We report on the follow-up and radiological characterization of the first and largest reported family with TODPD, refinement of the linkage region, and exclusion of two candidate genes.
As noted in the original description of this condition, and as confirmed by later reports, the most striking skeletal abnormality is the involvement of the hands and the digital fibromas [Horii et al., 1998
; Bacino et al., 2000
; Breuning et al., 2000
; Drut et al., 2005
; Baroncini et al., 2007
; Kokitsu-Nakata et al., 2008
]. The digital fibromas appear to be prevalent in infancy and they tend to regress with age in many cases, making them an inconsistent feature in adults. This is clearly exemplified by our proposita exhibiting the fibromas only in the first years of life and not at later evaluations. The carpal and tarsal coalitions were particularly striking in the proposita of our family (). This feature was not noted in the early report as the carpal bones were not ossified yet [Bacino et al., 2000
]. The abnormal bony texture and the localized areas of osteoporosis also point to an unusual bone process involved in the pathogenesis of the disorder.
Although the skeletal manifestations of TODPD mostly involve hands and feet, a more generalized bone involvement including bowing, mesomelic shortening, abnormal bony texture, areas of localized osteoporosis, cytic lesions, and amorphous ossification suggest a more generalized bone involvement and it may point to a defect of matrix degradation, because of similarities with the radiologic features of the osteolysis syndromes [Superti-Furga and Unger, 2007
], which may be due to defects in genes involved in degradation of bone matrix [Zankl et al., 2007
]. Interestingly, it also appears in our family that the degree of hand and foot involvement on the ulnar side is more severe.
Linkage analysis has indicated that the mutated gene in this disorder maps to Xq27.3-qter within a very gene-rich region [Zhang et al., 2000
]. However, the genetic defect of TODPD remains unknown. In the effort to identify the gene responsible for this condition, we further defined in our family the linkage region using a high density SNP array which allowed us to restrict the linkage to Xq28qter. Because of clinical overlap between STAR syndrome (OMIM 300707), an X-linked dominant condition presenting with anogenital and renal malformations, dysmorphic facial features, normal intellect, and syndactyly of toes [Unger et al., 2008
], we sequenced the FAM58A
gene, responsible for STAR syndrome. However, no mutations were found in the exons and intro/exon boundaries of this gene in the TODPD affected patients.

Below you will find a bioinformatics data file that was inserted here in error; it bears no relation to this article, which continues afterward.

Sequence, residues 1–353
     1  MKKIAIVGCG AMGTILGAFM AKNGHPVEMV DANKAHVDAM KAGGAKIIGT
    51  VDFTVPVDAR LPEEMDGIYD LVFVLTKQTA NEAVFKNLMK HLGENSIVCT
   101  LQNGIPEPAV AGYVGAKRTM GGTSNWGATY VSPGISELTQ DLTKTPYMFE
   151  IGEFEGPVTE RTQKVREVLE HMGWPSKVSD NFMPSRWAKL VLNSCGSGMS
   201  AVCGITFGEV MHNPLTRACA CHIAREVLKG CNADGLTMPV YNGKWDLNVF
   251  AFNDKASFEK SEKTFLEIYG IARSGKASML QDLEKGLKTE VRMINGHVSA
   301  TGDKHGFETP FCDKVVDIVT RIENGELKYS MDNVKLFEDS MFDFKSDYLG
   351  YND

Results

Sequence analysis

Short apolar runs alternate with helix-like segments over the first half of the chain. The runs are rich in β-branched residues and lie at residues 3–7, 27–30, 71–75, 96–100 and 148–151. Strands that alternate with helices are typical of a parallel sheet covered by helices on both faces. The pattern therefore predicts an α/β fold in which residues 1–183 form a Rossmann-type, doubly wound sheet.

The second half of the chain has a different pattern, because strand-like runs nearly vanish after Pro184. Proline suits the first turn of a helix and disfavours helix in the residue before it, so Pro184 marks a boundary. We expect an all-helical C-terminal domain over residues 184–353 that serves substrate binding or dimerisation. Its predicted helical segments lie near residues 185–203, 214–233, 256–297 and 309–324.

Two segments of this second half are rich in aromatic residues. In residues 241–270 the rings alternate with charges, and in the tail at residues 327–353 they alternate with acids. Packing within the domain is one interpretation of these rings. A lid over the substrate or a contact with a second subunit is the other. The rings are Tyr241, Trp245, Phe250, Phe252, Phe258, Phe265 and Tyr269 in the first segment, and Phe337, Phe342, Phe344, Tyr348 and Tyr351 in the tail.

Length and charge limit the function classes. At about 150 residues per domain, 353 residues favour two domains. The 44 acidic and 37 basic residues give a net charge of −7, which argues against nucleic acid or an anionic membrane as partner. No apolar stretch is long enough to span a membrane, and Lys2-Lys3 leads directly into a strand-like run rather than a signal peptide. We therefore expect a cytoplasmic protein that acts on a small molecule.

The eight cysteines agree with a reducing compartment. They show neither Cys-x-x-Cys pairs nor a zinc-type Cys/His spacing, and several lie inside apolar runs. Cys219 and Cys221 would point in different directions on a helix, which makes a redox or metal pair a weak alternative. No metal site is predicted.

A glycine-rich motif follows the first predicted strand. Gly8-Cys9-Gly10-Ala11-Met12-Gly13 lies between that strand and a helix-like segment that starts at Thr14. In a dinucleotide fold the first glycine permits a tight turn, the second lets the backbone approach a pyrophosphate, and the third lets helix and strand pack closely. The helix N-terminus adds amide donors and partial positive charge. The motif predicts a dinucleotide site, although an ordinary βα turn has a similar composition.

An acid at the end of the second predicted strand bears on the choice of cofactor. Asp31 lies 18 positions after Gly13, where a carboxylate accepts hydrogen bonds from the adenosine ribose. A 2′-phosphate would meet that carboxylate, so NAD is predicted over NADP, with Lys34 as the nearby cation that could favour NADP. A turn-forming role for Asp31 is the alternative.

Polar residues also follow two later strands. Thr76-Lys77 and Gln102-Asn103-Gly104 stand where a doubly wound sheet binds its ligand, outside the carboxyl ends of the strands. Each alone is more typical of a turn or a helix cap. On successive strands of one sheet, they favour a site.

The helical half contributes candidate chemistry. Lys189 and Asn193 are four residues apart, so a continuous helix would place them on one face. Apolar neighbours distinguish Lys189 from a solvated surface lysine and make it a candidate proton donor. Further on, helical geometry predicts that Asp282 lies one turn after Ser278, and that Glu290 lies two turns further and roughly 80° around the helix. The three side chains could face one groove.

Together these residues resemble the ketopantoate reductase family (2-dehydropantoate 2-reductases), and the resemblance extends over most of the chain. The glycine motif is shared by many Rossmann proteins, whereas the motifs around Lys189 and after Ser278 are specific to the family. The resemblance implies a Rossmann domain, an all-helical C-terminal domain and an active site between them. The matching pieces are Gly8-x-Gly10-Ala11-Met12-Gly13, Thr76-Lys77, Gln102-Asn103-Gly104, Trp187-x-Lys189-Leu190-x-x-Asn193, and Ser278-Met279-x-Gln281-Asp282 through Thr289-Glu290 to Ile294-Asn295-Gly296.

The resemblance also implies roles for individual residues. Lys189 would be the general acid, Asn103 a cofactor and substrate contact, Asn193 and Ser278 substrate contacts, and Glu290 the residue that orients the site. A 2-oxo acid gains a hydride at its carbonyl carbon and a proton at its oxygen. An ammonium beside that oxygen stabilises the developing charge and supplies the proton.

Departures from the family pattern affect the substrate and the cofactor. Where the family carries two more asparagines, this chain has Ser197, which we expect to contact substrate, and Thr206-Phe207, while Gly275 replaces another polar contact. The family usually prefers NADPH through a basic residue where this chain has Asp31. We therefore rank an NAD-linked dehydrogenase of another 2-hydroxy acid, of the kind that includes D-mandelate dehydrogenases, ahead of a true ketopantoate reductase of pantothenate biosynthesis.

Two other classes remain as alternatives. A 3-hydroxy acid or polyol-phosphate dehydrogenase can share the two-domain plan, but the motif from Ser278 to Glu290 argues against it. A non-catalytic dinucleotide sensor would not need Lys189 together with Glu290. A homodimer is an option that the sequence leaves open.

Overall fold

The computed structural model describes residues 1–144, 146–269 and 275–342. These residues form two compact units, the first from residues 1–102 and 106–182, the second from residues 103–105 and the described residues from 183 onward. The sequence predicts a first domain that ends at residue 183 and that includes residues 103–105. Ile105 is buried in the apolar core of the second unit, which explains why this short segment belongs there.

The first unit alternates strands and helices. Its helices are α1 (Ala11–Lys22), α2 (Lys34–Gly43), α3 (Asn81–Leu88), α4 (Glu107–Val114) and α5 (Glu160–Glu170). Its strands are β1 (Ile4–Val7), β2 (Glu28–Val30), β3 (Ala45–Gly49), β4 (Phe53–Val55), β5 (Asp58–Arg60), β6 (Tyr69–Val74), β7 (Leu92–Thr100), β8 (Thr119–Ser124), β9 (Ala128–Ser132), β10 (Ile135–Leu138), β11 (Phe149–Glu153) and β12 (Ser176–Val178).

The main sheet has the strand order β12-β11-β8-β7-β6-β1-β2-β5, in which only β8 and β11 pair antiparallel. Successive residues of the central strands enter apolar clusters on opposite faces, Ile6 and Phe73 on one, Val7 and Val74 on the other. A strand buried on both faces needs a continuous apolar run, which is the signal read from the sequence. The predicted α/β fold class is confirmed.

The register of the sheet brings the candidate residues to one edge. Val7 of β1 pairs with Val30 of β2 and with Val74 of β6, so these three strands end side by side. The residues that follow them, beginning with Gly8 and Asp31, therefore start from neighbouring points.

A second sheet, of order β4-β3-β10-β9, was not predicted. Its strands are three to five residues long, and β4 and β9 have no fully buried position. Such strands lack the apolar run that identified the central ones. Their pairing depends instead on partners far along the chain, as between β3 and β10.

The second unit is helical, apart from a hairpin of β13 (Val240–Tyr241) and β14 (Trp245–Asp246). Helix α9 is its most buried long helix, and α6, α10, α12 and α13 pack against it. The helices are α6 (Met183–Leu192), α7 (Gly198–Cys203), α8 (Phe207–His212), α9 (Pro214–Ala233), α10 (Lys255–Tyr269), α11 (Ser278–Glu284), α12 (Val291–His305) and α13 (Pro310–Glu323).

Filamin A (FLNA
) gene, which is also included within the linkage region, is involved in signaling pathways that mediate organogenesis in multiple systems including the skeleton. Some of the generalized skeletal features of our proband and the patient's first cousin suggested Melnick–Needles syndrome (OMIM 309350) like changes, while hand and foot changes radiographically, such as the carpal and tarsal coalitions and flexion contractures [Robertson et al., 2006
], suggest similarity to frontometaphyseal dysplasia (OMIM 305620). FLNA
mutations that conserve the reading frame result in a broad range of congenital malformations observed in four X-linked human disorders: otopalatodigital syndrome types I (OMIM 311300) and II (OMIM 304120), frontometaphyseal dysplasia, and Melnick–Needles syndrome. Given the clinical similarities between some of these disorders and TODPD, we have also considered FLNA
as a candidate gene. However, direct sequencing of this gene failed to reveal pathogenic mutations.
The development of the human skeleton is regulated by intricate signaling pathways involving secreted molecules that bind to cell surface receptors to elicit a response in the target cell. Bone morphogenetic proteins (BMPs) are an important part of this process. Their signaling capacity is regulated on several levels including the extracellular space where inhibitors such as Noggin (NOG) prevent BMPs from binding to their cognate receptors. The importance of the signaling pathway for the development of joints was shown by the identification of mutations in GDF5
, a member of BMP family, and NOG
in patients with symphalangism (OMIM 185800) and multiple synostosis syndrome (OMIM 186500) [Groppe et al., 2002
; Seemann et al., 2005
; Dawson et al., 2006
]. The presence of multiple joint fusions in TODPD may lead to the hypothesis that a dysregulation of the BMP pathway may play a role in the pathogenesis in this disorder as well.
The identification of the responsible gene will allow more accurate genetic counseling to the affected families and will shed light on the molecular pathways leading to the various clinical and radiographic anomalies of TODPD, in particular this rather unique skeletal phenotype.